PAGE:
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1001 Broadview Ave., Toronto, site of the former Whistler's Grille and Cafe Bar, since demolished.D'Arcy McGovern/The Globe and Mail

A failed condominium development project in Toronto’s east end has laid bare a multimillion-dollar dispute between the sons of a former banker who fled charges of embezzlement and fraud in Iran and a family of Saudi Arabian investors.

At the centre of the insolvency proceedings for 1001 Broadview Avenue Inc., initiated in early 2020 by private lender Centurion Mortgage Capital Corporation, is restaurant investor Khashayar Khavari. The report from receiver BDO describes a series high-interest loans and a string of missed payments connected to a land-assembly deal in 2017 by Mr. Khavari and his brother Ardavan for a site at the corner of Mortimer and Broadview Avenues in Toronto’s East York neighbourhood.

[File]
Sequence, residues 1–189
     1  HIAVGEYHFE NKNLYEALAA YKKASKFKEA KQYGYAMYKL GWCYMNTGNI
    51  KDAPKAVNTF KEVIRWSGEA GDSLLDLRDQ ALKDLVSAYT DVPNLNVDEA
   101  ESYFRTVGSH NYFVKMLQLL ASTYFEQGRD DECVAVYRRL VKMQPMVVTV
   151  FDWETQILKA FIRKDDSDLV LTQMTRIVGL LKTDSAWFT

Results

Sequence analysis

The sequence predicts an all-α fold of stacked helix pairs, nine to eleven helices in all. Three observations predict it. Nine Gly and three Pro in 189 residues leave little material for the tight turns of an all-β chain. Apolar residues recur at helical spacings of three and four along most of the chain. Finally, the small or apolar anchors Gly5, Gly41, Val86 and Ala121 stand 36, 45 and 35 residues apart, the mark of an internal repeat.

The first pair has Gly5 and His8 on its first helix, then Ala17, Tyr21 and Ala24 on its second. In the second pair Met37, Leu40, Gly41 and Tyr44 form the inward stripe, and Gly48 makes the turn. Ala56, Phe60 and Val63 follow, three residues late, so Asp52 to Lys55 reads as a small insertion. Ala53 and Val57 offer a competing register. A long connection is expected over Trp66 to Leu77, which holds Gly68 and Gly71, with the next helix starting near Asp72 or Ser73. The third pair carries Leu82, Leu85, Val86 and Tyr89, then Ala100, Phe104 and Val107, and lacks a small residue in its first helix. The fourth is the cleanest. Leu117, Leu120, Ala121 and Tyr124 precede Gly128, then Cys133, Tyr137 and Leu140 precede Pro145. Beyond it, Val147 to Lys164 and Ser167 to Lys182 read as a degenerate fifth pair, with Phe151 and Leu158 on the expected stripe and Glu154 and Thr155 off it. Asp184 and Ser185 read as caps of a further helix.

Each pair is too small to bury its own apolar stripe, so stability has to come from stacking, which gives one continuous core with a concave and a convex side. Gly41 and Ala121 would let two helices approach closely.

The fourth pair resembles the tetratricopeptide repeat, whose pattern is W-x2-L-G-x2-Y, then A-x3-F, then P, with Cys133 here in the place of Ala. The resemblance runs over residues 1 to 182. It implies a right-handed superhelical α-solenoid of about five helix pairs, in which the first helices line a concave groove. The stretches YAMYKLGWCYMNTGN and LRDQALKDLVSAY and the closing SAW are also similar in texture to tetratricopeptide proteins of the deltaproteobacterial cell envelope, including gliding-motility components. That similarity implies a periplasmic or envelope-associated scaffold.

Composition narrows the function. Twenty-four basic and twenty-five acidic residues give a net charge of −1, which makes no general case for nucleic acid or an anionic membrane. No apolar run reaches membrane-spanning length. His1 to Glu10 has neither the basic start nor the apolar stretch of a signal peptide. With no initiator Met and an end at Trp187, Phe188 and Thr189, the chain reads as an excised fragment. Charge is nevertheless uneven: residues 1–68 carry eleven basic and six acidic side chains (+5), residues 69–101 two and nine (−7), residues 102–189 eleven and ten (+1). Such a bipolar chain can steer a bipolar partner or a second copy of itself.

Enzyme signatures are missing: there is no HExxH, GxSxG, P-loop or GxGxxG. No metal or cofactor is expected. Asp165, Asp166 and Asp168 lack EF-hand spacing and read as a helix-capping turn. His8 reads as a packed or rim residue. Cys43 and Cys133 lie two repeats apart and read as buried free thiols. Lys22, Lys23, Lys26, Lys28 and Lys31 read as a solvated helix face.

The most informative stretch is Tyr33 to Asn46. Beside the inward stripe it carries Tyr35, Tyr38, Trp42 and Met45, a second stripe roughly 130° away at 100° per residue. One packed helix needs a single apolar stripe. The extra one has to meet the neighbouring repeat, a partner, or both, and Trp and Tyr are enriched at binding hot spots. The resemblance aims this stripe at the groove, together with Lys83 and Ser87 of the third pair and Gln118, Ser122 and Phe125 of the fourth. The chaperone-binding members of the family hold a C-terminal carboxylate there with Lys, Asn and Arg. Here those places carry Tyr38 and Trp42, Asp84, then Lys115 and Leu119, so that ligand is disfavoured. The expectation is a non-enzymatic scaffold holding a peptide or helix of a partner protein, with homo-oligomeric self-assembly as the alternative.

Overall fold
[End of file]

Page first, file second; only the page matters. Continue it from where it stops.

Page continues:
Centurion is the first-ranking lender on the file and is owed $8,067,628 after agreeing to lend $44-million for construction of a seven-storey condominium building. Despite receiving planning permission for the condo, almost no work has been done aside from the demolition of a popular local eatery and banquet hall known as Whistler’s Grille and Café Bar that formerly anchored the site.